Teams must decide when to start clock

April, 5, 2011
4/05/11
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On July 8, 1994, the Seattle Mariners recalled 18-year-old wunderkind Alex Rodriguez to start at shortstop at Fenway Park. The Mariners were only five games out of first place but 12 games under .500, going nowhere fast in a season that ended up going nowhere.

Three weeks later, with a labor strike looming, the Mariners sent Rodriguez back down to the minors. He had played 17 games, made 59 plate appearances, struck out 20 times and scored four runs. The Mariners would pay a steep price for those four runs. Rodriguez also spent time in the majors in 1995 but didn’t play his first full season until 1996. He played five full seasons with Seattle but accrued enough service time -- by a few days -- to reach free agency following the 2000 season.

If the Mariners had kept A-Rod in the minors in 1994, they would have held his rights for one more season. On a team that won 116 games without him.

So you can see the conundrum teams face. Pushing back a player’s recall to the majors means you can extract an extra season of service before he’s eligible for free agency. The Mariners faced this decision this spring with rookies Michael Pineda and Dustin Ackley, two of the top prospects in the minors. The Mariners elected to keep Pineda, and he makes his major league debut Tuesday night. Ackley was sent down to Triple-A to work on his defense at second base, or so reports suggested. Starting instead: weak-hitting veteran Jack Wilson.

As a Mariners fan, I can tell you who I want to see in the lineup, and it’s not the guy who had a .598 OPS last season. But from a strategic and economic standpoint, it makes sense to keep Ackley down for a couple of months. The Mariners aren’t likely playoff contenders, so why start his service clock? What doesn’t make sense is why the team didn’t take the same approach with Pineda, who certainly has an explosive fastball but by all accounts needs to refine his slider and changeup. The Mariners easily could have used that excuse to send him down as well.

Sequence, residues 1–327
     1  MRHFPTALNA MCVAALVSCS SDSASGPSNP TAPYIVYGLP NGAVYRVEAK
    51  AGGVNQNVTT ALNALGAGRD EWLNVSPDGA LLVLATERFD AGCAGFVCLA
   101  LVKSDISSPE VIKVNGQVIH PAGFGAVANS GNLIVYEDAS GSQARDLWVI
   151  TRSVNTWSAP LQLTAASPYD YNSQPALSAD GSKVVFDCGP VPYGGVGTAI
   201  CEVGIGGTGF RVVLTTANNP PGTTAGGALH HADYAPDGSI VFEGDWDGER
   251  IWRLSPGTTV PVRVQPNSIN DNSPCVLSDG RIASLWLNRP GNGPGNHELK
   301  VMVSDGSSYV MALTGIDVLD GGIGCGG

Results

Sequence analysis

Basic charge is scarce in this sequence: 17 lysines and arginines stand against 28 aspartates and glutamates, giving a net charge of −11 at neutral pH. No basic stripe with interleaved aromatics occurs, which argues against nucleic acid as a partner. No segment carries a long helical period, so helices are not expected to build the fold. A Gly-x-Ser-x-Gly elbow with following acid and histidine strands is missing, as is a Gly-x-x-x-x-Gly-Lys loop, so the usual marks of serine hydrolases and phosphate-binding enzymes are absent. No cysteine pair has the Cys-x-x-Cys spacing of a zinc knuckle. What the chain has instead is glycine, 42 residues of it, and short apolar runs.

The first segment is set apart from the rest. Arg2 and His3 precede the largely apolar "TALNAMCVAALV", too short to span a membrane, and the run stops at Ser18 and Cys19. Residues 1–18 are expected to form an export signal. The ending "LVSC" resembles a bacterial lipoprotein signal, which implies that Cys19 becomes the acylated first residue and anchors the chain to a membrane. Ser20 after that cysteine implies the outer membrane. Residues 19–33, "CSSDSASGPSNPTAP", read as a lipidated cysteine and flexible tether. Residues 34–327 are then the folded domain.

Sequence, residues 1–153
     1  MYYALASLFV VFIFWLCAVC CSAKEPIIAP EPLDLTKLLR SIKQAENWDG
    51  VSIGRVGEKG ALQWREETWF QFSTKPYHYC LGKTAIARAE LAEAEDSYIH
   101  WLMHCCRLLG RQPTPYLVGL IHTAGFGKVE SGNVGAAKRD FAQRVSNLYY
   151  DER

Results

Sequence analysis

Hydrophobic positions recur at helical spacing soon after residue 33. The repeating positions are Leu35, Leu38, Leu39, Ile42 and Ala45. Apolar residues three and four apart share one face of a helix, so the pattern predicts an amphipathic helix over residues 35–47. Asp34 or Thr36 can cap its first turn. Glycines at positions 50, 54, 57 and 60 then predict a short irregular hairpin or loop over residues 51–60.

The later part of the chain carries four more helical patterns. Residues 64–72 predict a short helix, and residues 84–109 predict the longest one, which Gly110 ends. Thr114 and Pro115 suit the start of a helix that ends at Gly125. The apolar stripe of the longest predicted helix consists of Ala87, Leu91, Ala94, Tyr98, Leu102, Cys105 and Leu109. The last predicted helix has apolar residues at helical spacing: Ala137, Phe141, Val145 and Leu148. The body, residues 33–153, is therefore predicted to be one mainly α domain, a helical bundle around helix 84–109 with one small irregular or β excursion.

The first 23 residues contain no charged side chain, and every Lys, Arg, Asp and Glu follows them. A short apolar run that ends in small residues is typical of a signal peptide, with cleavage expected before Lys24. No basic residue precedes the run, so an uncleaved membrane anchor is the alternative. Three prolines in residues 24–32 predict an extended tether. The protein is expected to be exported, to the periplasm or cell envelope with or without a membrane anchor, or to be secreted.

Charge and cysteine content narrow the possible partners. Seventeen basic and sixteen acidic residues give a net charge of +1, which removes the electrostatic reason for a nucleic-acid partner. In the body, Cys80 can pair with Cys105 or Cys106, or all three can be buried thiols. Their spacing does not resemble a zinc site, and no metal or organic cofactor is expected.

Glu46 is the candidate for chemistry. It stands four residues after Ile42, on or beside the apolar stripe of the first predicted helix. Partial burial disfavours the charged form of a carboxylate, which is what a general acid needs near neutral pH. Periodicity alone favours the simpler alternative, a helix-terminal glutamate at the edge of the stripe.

The Giants faced this dilemma with Brandon Belt. Last year, they held back Buster Posey until late May, scuffling along with Bengie Molina behind the plate. The Giants got lucky; they probably didn’t consider themselves playoff contenders leaving spring training. But what if the Padres hadn’t completely collapsed down the stretch and the Giants had missed the playoffs by one game? They would have been kicking themselves for not having Posey on the roster from the get-go.

With the National League again projected as a tight race, the Giants elected to leave spring training with Belt as their starting first baseman. He is probably their second- or third-best hitter behind Posey and Aubrey Huff. They realized one win could mean the difference between making the playoffs and falling short, so you better do it with your best men -- they’ll worry about 2017 in 2017.

Complicating matters slightly is the “Super Two” rule. A player is classified as a Super Two player -- and thus is eligible for salary arbitration -- if (A) he has at least two but fewer than three years of service time; (B) has accumulated at least 86 days of service time during the preceding season; and (C) ranks in the top 17 percent of service time among players qualifying under the first two criteria.

That means there is further financial incentive for delaying a player’s call-up to the majors. A team can save a few million dollars (or possibly more if he’s developed into a star) by avoiding arbitration for one season. The Giants might have been considering this when keeping Posey down. Many felt when the Orioles sent Zach Britton down and the Braves sent Mike Minor down out of spring training, it was to avoid accumulating those precious days on the major league roster. (Sometimes plans go astray: Injuries to other pitches forced the Orioles and Braves to recall the two rookies.) Twenty years ago, the Royals might have opened with big-time prospects like Mike Moustakas and Eric Hosmer on the roster; at least it would give fans a reason to go to the ballpark. Now? Preserve that service time.

Of course, being cheap is no way to win over your players. Maybe the Mariners had this in mind in putting Pineda on the roster. When you have a big kid throwing 95 mph laser beams with good control, it’s difficult to tell your team that he isn’t one of your 25 best players.

It’s an issue that is becoming more and more prominent. In the end, I believe something needs to be done in the upcoming labor negotiations, because it’s not good for your sport if you’re leaving more talented players in the minor leagues just to save a few bucks.

Put it this way: As a Mariners fan, Tuesday’s game is about a thousand times more interesting with Pineda on the mound. And getting fans excited about the team is what organizations should be aiming to do.

Photo Of The Day
Ryan LangerhansAP Photo/Tony GutierrezThree yards and a cloud of dust? That's football. Ryan Langerhans went 90 feet and ate dirt.

David Schoenfield | email

SweetSpot blogger

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